In terms of warning, evacuation and firefighting I would expect:

  • Working alarm systems that can be heard inside flats.
  • Protected corridors and emergency exits/ stairwell with fire doors as a minimum, and ideally in the stairwell positive pressure (i.e. you create pressure inside the stairwell so that if a door opens air pushes out rather than smoke entering. [This] enables people to get out, and firefighters to get in.)
  • Good compartmentation throughout to prevent the fire, or smoke from getting from one section of a floor to another, and from one floor to the next above. Doors and walls will be rated to prevent fire spread within e.g. half an hour. Gaps for cabling etc will be at a minimum. Gaps around those facilities will be filled with fire block type chemicals.
    Designated points inside the building where firefighters get a fire fighting water supply (e.g. dry risers - a empty pipe running up the building into which water can be pumped, and then can be picked up by firefighters further up the building).

Giz: What sort of evacuation plan will be in place for a building like this? There have been some reports that residents might have been told to stay in place and await rescue - is this better than trying to get out?

Dr Benson: This does depend on the building. Some buildings are designed with such good compartmentation, and such slow evacuation routes, that the advice is stay and let the firefighters come to you as you will be safe in the flats. According to the Fire Brigade Union representative this morning though the Fire Brigade’s ability to access the building and fight the fire seems to have been prevented for some reason.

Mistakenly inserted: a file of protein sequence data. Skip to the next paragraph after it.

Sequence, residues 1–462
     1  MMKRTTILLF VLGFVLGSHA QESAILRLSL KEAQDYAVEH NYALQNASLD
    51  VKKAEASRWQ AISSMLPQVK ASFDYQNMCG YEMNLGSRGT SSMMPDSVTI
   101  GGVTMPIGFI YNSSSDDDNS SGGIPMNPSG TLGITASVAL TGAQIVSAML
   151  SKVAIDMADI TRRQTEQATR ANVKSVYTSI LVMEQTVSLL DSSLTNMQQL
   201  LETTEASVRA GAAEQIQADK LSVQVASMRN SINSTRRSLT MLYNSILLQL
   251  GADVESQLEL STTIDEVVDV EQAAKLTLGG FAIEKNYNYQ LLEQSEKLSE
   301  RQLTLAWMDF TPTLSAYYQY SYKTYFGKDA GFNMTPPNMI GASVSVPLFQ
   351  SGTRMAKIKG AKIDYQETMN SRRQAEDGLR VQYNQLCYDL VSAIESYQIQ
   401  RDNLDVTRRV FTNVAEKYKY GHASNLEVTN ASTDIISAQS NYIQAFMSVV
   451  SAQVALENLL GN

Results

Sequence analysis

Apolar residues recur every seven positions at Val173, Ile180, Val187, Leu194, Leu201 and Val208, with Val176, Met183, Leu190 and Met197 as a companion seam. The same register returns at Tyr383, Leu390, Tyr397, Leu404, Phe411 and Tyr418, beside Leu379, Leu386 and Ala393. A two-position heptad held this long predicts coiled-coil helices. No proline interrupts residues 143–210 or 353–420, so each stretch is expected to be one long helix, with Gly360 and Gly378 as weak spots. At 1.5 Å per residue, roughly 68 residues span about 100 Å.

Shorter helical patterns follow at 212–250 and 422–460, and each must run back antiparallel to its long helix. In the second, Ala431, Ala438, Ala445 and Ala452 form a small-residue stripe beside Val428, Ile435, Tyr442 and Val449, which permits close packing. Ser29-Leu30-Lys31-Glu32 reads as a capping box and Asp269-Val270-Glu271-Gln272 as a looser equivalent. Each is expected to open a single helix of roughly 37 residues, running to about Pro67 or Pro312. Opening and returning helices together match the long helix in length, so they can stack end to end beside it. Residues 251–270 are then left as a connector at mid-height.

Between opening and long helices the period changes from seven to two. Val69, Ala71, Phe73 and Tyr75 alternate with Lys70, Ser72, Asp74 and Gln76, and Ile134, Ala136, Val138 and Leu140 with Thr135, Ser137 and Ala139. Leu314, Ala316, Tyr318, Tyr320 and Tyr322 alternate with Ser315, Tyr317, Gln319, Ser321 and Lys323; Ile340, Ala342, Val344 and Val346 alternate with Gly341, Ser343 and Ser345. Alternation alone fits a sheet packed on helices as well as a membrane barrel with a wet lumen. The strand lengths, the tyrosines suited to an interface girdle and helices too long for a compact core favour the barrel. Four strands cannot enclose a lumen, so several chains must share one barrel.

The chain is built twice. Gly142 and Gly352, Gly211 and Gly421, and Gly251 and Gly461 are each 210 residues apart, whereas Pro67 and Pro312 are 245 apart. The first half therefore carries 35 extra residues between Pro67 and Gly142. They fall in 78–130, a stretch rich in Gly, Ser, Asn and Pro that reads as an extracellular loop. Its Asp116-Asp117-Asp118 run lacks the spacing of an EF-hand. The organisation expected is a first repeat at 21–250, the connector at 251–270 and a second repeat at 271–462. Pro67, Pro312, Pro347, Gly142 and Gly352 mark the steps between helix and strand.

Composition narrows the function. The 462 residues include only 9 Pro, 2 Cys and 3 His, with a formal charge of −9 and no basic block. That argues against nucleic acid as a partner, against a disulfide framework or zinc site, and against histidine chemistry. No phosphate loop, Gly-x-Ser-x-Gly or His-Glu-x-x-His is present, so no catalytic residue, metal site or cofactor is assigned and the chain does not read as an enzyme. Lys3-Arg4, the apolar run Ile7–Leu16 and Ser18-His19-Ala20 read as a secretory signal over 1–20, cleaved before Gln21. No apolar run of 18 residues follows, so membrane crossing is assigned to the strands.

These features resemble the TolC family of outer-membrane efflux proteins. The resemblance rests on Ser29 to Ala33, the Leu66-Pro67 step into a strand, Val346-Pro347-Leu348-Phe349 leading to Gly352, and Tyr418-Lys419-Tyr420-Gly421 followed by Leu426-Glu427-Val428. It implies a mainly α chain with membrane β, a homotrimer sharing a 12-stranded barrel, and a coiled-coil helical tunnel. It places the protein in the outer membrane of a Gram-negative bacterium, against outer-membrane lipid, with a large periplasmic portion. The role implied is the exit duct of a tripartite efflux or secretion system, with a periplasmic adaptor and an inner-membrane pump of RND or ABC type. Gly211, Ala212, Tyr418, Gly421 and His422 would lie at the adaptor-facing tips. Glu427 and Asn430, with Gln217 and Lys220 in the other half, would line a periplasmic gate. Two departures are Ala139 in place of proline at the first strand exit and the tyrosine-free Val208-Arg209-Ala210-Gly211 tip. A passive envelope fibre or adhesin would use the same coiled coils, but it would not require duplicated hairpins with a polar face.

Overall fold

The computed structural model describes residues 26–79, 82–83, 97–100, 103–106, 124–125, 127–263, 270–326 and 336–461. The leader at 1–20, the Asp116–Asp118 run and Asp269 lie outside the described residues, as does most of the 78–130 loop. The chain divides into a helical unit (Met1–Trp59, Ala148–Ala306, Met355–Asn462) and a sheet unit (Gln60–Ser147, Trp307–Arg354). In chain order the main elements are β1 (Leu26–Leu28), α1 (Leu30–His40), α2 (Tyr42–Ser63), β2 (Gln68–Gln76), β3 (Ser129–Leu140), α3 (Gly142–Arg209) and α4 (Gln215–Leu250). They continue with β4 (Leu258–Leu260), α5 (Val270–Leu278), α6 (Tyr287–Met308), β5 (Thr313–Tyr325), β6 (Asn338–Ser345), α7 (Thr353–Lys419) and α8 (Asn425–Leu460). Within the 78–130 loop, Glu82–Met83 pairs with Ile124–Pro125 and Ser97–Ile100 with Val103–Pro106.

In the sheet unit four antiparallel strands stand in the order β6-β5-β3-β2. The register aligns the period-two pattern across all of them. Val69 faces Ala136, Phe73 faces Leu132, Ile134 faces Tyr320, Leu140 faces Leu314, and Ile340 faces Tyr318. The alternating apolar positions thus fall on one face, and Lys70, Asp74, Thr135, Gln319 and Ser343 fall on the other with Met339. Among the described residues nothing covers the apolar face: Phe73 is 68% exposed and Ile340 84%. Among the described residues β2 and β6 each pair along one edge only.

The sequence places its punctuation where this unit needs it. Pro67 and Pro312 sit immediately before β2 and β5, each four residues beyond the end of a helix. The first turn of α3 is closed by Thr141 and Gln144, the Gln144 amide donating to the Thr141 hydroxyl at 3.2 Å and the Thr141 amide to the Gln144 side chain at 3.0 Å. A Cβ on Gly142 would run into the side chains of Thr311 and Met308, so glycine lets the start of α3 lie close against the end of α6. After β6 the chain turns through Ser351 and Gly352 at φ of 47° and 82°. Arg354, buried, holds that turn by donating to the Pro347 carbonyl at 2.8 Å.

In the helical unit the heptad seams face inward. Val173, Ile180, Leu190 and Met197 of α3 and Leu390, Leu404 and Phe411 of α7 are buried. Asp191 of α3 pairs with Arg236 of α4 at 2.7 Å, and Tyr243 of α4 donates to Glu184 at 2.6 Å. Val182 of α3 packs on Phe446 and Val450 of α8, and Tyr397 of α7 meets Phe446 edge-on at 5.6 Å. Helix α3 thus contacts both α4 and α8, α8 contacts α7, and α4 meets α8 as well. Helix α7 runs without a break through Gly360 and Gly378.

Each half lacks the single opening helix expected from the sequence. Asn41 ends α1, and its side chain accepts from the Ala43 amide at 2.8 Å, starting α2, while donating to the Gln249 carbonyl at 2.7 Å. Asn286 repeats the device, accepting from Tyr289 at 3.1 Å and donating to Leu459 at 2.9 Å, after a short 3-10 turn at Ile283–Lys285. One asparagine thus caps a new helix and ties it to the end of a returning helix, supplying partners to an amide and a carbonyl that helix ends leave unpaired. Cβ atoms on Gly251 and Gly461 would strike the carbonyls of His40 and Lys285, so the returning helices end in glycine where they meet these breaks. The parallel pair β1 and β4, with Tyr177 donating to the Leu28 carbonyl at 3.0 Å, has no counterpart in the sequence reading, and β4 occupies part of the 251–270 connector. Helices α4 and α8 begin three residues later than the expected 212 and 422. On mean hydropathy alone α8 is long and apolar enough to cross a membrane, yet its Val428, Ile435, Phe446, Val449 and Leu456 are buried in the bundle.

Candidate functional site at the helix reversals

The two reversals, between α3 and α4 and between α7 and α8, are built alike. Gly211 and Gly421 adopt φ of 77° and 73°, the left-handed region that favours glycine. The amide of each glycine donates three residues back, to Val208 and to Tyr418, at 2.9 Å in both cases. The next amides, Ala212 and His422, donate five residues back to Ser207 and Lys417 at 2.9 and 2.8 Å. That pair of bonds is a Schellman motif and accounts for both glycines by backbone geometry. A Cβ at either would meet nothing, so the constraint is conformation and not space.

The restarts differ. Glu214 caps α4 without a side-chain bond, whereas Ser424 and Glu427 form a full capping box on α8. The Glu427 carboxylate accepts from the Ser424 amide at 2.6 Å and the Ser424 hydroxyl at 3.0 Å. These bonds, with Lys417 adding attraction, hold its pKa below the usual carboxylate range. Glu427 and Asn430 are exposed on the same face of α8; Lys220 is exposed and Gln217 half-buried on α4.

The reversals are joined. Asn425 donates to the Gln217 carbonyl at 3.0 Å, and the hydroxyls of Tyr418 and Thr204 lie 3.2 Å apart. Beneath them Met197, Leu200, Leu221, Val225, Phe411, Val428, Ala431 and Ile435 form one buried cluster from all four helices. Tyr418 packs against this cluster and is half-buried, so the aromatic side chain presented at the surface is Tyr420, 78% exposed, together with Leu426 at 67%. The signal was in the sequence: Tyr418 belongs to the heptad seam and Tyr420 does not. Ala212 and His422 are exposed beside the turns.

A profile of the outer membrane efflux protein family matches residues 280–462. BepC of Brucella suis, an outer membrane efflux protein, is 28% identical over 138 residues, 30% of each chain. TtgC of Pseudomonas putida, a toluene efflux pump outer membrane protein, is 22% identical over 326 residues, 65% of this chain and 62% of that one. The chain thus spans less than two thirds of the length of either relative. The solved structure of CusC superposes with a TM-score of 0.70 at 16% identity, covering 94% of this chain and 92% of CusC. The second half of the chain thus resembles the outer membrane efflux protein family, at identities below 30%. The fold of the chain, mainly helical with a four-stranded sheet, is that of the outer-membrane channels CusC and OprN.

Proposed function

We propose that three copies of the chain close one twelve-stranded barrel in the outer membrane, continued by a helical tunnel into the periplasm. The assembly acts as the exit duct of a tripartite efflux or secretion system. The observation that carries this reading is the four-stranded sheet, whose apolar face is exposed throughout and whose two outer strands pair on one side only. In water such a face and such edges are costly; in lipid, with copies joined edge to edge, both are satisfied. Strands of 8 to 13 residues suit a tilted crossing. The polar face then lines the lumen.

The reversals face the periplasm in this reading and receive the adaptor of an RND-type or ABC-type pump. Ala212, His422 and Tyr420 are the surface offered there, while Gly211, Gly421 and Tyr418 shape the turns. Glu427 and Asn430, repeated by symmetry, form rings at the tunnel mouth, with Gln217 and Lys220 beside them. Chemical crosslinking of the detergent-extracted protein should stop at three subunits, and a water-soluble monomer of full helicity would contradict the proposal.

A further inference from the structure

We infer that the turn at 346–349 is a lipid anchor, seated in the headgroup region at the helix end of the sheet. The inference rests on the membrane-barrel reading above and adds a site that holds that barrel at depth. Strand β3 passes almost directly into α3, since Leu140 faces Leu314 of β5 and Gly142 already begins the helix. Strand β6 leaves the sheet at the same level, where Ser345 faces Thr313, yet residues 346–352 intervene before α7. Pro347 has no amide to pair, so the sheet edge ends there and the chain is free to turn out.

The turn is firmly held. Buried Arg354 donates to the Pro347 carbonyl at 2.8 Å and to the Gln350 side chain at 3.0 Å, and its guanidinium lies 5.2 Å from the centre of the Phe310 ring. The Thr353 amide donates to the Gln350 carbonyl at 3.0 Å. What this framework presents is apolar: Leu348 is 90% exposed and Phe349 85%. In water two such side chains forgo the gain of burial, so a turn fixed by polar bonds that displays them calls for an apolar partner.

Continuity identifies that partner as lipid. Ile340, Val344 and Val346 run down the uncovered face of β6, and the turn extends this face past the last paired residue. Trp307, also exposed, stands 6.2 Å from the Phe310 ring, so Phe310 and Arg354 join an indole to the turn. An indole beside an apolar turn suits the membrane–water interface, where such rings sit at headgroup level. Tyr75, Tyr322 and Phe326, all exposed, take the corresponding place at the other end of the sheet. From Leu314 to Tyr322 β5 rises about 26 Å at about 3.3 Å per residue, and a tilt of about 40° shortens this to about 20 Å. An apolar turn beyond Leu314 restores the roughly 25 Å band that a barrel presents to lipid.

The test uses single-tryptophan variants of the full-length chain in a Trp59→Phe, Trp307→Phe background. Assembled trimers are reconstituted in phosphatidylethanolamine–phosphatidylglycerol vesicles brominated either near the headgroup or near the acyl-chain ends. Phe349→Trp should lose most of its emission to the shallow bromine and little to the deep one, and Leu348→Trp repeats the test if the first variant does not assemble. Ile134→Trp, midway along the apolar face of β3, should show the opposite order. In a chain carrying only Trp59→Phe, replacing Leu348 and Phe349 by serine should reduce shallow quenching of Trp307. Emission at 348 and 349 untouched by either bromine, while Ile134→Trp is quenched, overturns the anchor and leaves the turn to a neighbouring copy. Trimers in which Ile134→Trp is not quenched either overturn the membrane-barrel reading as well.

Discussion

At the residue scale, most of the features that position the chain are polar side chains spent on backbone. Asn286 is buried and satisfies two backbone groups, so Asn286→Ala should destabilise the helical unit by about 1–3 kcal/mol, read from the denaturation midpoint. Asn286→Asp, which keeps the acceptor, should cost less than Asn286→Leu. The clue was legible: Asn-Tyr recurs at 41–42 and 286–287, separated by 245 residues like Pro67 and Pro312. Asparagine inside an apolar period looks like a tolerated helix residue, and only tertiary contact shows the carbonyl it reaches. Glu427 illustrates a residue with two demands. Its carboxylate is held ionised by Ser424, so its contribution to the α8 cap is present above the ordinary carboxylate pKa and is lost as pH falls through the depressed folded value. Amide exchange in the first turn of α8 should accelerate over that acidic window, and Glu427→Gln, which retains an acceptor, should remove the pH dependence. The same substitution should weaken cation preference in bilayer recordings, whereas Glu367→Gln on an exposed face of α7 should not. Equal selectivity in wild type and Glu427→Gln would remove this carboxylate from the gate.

Giz: There's speculation the tower could collapse: What are the key risks here? How could the fire cause this?

Dr Benson: Depends on the structure. If the main structure of the building is made of concrete/ metal I would be surprised if it collapsed, however this fire has burned for a number of hours so the heat would be considerable. It would depend on the thickness/ type of materials and sort of reinforcement they had.

Giz: How long will the investigation take? And what could this mean for the future?

Dr Benson: The investigation will require slow level-by-level, and layer-by-layer forensic, almost archaeological, assessment. It will be slow, and the fire could take days to put out fully, meaning it may not start soon.

For me the main point is that in the UK we have excellent fire safety products and rules. They could definitely be better, e.g. all building over 30m could have sprinklers as [the Building Research Establishment, the organisation that defines a number of construction standards] have shown it is not only safe but cost effective to install them. But we have enough safety regulations, products and information for events like this to never happen.

In my opinion it is highly likely some type of failure has happened for this to occur but whether that’s a direct failure, systemic or this is some sort of unforeseen fire phenomenon is hard to say. Lessons will have to be learned from this but it is way too early to apportion blame.

Our huge thanks to Dr Benson for speaking to us. We’ll add a donation link for those affected by the fire as soon as a verified donations page has been setup.

Picture credit for the photo at the top: Natalie Oxford.